2009 AIME I Problems/Problem 2

Problem

There is a complex number $z$ with imaginary part $164$ and a positive integer $n$ such that

\[\frac {z}{z + n} = 4i.\]

Find $n$.

Solution 1

Let $z = a + 164i$.

Then \[\frac {a + 164i}{a + 164i + n} = 4i\] and \[a + 164i = \left (4i \right ) \left (a + n + 164i \right ) = 4i \left (a + n \right ) - 656.\]

By comparing coefficients, equating the real terms on the leftmost and rightmost side of the equation,

we conclude that \[a = -656.\]

By equating the imaginary terms on each side of the equation,

we conclude that \[164i = 4i \left (a + n \right ) = 4i \left (-656 + n \right ).\]

We now have an equation for $n$: \[4i \left (-656 + n \right ) = 164i,\]

and this equation shows that $n = \boxed{697}.$


Solution 2

\[\frac {z}{z+n}=4i\]

\[1-\frac {n}{z+n}=4i\]

\[1-4i=\frac {n}{z+n}\]

\[\frac {1}{1-4i}=\frac {z+n}{n}\]

\[\frac {1+4i}{17}=\frac {z}{n}+1\]

Since their imaginary part has to be equal,

\[\frac {4i}{17}=\frac {164i}{n}\]

\[n=\frac {(164)(17)}{4}=697\]

\[n = \boxed{697}.\]

Solution 3 (Highly not recommended)

Below is an image of the complex plane. Let $\operatorname{Im}(z)$ denote the imaginary part of a complex number $z$. [asy] unitsize(1cm);   xaxis("Re",Arrows); yaxis("Im",Arrows);  real f(real x) {return 164;} pair F(real x) {return (x,f(x));}  draw(graph(f,-700,100),red,Arrows);  label("Im$(z)=164$",F(-330),N);   pair z = (-656,164); dot(Label("$z$",align=N),z); dot(Label("$z+n$",align=N),z+(697,0));  draw(Label("$4x$"),z--(0,0)); draw(Label("$x$"),(0,0)--z+(697,0));  markscalefactor=2; draw(rightanglemark(z,(0,0),z+(697,0))); [/asy] $z$ must lie on the line $\operatorname{Im}(z)=164$. $z+n$ must also lie on the same line, since $n$ is real and does not affect the imaginary part of $z$.

Consider $z$ and $z+n$ in terms of their magnitude (distance from the origin) and phase (angle formed by the point, the origin, and the positive real axis, measured counterclockwise from said axis). When multiplying/dividing two complex numbers, you can multiply/divide their magnitudes and add/subtract their phases to get the magnitude and phase of the product/quotient. Expressed in a formula, we have $z_1z_2 = r_1\angle\theta_1 \cdot r_2\angle\theta_2 = r_1r_2\angle(\theta_1+\theta_2)$ and $\frac{z_1}{z_2} = \frac{r_1\angle\theta_1}{r_2\angle\theta_2} = \frac{r_1}{r_2}\angle(\theta_1-\theta_2)$, where $r$ is the magnitude and $\theta$ is the phase, and $z_n=r_n\angle\theta_n$.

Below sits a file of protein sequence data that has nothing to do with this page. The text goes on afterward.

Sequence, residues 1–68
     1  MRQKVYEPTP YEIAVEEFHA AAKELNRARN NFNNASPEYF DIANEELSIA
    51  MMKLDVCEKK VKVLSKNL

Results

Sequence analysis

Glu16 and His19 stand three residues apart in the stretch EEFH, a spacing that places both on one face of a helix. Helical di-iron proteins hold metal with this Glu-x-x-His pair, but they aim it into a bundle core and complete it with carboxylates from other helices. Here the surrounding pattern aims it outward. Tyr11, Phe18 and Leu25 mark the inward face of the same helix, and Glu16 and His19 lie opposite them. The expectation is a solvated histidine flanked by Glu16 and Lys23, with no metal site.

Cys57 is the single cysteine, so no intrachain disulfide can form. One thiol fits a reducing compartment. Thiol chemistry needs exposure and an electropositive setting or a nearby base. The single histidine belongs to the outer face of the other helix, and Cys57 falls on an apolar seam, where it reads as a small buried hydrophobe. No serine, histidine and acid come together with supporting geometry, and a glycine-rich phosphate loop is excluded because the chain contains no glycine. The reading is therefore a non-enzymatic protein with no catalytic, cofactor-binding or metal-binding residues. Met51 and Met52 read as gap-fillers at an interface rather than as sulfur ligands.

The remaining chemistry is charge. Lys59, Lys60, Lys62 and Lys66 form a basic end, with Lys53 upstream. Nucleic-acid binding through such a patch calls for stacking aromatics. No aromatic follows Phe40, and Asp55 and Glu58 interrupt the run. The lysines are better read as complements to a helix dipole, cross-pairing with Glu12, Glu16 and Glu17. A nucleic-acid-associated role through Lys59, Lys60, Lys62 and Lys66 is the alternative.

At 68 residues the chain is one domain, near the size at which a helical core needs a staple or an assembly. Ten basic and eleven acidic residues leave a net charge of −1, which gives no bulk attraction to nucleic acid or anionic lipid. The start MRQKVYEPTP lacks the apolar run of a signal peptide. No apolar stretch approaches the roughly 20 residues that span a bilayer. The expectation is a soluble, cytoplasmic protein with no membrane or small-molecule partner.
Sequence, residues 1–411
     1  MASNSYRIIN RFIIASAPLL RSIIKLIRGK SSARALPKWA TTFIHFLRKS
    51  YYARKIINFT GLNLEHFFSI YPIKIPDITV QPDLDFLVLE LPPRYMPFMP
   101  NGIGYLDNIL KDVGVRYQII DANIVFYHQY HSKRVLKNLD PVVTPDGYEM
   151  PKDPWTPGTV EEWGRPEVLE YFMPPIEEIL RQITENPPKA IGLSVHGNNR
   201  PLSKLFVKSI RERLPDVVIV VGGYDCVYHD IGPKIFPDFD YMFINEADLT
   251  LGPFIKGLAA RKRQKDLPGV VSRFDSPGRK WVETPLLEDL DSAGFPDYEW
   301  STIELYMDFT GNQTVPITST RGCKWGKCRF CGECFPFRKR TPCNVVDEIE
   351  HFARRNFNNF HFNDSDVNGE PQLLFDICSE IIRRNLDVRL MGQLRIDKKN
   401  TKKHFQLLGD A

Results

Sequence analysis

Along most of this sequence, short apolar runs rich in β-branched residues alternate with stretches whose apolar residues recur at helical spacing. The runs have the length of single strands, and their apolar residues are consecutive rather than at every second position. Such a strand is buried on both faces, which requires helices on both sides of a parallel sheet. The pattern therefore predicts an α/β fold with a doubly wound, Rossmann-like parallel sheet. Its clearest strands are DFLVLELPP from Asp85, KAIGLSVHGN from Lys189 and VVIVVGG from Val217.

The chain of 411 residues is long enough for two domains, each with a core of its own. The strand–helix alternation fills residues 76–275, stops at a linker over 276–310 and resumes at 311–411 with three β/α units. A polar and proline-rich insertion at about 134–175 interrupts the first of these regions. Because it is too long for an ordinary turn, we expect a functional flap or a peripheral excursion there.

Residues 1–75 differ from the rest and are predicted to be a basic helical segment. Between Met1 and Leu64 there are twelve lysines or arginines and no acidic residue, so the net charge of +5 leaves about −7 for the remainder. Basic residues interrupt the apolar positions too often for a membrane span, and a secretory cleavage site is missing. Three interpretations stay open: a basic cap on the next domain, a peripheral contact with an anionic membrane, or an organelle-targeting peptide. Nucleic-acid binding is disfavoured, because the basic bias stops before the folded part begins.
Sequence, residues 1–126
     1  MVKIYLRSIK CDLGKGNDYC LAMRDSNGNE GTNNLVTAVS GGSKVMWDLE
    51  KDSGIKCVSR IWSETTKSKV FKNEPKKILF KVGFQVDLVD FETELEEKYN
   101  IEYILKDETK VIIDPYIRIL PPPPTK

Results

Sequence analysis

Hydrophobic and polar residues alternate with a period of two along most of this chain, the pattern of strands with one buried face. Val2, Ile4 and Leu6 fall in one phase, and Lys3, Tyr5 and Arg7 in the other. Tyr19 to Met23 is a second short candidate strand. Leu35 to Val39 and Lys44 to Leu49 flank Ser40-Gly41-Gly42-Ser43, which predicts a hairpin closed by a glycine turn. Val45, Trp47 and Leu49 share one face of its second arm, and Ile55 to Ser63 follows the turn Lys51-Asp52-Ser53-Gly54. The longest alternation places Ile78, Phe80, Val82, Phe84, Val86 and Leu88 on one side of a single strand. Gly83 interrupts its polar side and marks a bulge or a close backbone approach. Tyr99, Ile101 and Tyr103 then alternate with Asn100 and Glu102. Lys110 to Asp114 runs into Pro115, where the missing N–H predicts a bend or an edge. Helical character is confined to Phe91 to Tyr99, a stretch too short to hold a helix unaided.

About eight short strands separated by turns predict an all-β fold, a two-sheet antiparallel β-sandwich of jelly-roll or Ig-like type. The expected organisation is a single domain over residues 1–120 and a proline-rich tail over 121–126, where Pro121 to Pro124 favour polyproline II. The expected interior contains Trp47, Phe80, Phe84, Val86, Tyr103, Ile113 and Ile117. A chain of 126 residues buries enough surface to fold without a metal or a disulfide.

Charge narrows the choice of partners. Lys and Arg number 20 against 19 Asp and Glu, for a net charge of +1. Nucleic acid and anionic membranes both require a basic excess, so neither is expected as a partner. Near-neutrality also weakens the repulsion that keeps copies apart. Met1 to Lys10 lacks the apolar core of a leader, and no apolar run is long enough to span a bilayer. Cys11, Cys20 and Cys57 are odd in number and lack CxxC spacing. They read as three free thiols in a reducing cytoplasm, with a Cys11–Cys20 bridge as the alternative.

Since $4i$ has magnitude $4$ and phase $90^\circ$ (since the positive imaginary axis points in a direction $90^\circ$ counterclockwise from the positive real axis), $z$ must have a magnitude $4$ times that of $z+n$. We denote the length from the origin to $z+n$ with the value $x$ and the length from the origin to $z$ with the value $4x$. Additionally, $z$, the origin, and $z+n$ must form a right angle, with $z$ counterclockwise from $z+n$.

This means that $z$, the origin, and $z+n$ form a right triangle. The hypotenuse is the length from $z$ to $z+n$ and has length $n$, since $n$ is defined to be a positive integer. The area of the triangle can be expressed using the two legs, as $\frac{x \cdot 4x}{2}$, or using the hypotenuse and its corresponding altitude, as $\frac{164n}{2}$, so $\frac{x \cdot 4x}{2} = \frac{164n}{2} \implies x^2 = 41n$. By Pythagorean Theorem, $x^2+(4x)^2 = n^2 \implies 17x^2 = n^2$. Substituting out $x^2$ using the earlier equation, we get $17\cdot41n = n^2 \implies n = \boxed{697}$. ~emerald_block

Video Solution

https://youtu.be/NL79UexadzE

~IceMatrix

Video Solution

https://www.youtube.com/watch?v=P00iOJdQiL4

~Shreyas S

See also

2009 AIME I (ProblemsAnswer KeyResources)
Preceded by
Problem 1
Followed by
Problem 3
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All AIME Problems and Solutions

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